Conrad also reports a device that may be implanted into the soft palate through a surgical incision. The implant may come in several shapes, including beads of about 2-4 millimeters in diameter, a stiffening strip and a liquid filled bladder. Conrad further reports that these implants treat snoring by altering the mass, rigidity and/or shape of the soft palate to affect the dynamic response of the soft palate to the flow of air. Although the device reported in Conrad overcomes some of the problems associated with the aforementioned surgical methods, it still has several shortcomings. First, the implant requires an incision to be made in the soft palate. Second, because the implants are large relative to the dimensions of the soft palate, implantation may be relatively imprecise and may have a tendency to alter the dynamic response of the soft tissue more than is minimally necessary to prevent snoring, possibly causing the soft palate to lose functionality. Third, Conrad merely reports implantation in the soft palate. Snoring may be caused by dynamic movement of soft tissues other than the soft palate, for example the nasal passages, tongue and/or pharynx.
 Additionally, none of the procedures discussed in Conrad are reported for use in treating a variety of other tissue conditions of the swallowing system, including stagnant pockets, sleep apnea, soft tissue cavities caused by the removal of cysts or tumors, speech impediments, difficulty swallowing, voice conditions, aspiration and jaw disorders.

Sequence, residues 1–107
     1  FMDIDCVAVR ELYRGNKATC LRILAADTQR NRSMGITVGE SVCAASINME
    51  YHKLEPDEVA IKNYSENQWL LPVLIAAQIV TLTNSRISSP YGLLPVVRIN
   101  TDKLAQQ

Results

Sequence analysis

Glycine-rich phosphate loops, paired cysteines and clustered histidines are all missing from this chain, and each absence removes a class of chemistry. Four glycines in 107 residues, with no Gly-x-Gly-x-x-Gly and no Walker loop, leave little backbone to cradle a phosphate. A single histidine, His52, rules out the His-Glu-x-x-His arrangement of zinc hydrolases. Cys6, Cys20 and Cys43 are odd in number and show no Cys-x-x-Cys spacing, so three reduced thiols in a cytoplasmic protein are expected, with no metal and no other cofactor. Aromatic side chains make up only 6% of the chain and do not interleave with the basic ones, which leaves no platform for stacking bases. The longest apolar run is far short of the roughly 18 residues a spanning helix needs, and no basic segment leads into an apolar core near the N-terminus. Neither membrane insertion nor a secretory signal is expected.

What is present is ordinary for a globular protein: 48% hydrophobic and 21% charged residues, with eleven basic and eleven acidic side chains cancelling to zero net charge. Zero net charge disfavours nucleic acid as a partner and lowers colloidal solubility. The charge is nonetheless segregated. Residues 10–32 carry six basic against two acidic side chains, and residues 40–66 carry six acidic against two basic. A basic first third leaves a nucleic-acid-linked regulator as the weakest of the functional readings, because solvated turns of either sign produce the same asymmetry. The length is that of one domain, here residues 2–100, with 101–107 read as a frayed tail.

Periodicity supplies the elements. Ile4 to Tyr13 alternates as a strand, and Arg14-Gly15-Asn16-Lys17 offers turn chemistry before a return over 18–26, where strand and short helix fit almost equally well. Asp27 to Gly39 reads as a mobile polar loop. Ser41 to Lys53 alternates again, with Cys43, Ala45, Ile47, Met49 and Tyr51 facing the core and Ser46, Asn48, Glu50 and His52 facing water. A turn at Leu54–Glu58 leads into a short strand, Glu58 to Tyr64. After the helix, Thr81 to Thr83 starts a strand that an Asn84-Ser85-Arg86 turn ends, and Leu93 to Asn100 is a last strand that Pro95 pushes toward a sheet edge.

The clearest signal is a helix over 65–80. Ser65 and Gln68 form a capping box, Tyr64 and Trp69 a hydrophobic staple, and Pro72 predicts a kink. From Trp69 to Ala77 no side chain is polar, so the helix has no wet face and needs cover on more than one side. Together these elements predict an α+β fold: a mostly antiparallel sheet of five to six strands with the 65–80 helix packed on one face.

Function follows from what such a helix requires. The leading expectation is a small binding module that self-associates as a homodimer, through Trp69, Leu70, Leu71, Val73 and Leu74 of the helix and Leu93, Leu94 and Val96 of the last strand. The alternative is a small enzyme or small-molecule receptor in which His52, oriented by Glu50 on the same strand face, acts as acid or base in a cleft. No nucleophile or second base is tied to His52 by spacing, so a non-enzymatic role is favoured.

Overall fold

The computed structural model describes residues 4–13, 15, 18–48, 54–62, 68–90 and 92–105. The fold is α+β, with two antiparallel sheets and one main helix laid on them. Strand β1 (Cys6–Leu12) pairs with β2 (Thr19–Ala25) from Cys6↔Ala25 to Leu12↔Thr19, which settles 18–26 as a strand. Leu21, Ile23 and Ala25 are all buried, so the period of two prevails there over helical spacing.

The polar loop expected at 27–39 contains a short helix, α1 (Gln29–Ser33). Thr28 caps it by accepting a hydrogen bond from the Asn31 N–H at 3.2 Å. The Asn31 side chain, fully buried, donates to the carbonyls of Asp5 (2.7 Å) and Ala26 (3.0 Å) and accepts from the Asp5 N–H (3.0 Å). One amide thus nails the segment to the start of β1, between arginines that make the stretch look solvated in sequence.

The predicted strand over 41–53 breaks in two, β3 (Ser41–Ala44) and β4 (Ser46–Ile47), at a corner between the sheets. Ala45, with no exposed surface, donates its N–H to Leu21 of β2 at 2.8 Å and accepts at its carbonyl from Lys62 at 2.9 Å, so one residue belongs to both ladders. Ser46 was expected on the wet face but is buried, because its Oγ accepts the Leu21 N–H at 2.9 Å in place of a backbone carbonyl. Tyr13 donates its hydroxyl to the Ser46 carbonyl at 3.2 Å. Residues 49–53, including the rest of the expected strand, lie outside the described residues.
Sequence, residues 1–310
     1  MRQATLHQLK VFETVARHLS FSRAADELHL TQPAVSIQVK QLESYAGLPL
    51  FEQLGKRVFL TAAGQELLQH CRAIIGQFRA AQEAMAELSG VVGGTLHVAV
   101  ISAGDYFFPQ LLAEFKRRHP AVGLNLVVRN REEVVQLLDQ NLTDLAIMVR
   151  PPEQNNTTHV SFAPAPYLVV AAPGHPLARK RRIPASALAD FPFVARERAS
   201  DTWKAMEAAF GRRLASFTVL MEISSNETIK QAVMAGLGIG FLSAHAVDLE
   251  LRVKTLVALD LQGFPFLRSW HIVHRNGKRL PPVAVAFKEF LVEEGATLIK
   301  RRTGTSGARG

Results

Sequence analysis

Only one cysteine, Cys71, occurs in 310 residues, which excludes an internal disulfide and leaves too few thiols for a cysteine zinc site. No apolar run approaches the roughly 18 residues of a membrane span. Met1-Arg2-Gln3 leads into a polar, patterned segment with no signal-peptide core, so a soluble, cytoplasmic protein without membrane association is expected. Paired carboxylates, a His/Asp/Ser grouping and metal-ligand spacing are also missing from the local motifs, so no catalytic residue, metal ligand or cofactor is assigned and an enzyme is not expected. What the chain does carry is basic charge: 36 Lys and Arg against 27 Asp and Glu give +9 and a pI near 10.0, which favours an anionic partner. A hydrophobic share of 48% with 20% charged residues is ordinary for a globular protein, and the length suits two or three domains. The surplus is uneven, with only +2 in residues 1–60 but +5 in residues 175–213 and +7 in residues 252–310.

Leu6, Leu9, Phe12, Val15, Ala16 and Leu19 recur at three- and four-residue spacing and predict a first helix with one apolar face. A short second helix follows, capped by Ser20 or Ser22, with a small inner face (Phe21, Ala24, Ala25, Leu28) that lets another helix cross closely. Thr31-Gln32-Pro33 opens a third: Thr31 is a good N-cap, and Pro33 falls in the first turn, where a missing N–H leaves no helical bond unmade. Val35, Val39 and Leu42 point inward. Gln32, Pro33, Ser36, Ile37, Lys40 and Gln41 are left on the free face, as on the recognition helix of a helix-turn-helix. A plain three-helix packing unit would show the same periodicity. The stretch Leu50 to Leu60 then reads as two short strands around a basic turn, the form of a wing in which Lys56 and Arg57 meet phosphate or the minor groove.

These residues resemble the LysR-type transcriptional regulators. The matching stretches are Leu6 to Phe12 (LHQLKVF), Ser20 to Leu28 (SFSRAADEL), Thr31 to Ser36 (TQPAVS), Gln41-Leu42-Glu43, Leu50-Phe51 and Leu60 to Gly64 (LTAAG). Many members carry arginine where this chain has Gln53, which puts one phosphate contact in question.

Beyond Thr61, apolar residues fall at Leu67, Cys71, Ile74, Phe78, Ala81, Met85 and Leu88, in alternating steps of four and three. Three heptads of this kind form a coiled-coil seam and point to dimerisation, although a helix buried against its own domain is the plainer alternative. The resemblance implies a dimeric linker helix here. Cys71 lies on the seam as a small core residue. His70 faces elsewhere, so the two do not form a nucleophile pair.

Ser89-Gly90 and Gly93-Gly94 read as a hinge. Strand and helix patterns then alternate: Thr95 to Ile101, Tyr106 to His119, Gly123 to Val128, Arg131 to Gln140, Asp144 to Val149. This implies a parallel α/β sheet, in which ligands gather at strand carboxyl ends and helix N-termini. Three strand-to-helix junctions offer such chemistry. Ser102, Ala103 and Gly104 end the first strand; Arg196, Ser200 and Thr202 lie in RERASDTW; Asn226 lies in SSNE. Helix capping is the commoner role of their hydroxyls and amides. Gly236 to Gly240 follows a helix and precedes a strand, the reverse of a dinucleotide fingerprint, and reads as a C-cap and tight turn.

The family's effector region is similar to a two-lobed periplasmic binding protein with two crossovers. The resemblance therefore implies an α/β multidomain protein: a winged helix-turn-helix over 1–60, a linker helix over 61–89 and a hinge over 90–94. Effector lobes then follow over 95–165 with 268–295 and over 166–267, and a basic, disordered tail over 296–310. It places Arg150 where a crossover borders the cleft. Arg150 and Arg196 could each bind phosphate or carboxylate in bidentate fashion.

The present invention provides a swallowing system tissue modifier that may be injected into various tissue sites of the swallowing system of a patient to treat a variety of disorders and/or conditions. As used herein, the term “swallowing system” refers collectively to the feeding and respiratory systems, generally commencing in the oral and nasal passages and terminating in the vicinity of the upper esophageal and tracheal regions.
 In one embodiment, the present invention provides a method for modifying the tissue of the swallowing system of a patient. A tissue modifier composed of biocompatible particles suspended in a biocompatible carrier is injected at a tissue site of a patient's swallowing system. The tissue site may include the tongue, lips, soft palate, pharynx, nasal passages, true vocal cords, false vocal cords, epiglottis, trachea, cricoid cartilage and/or other suitable tissue sites of the swallowing system. The modifier may relief conditions or disorders such as snoring, stagnant pockets, sleep apnea, soft tissue cavities, speech impediments, swallowing disorders, aspiration, voice conditions and other conditions affected by or interacting with the shape and/or structure of the tissue of the swallowing system.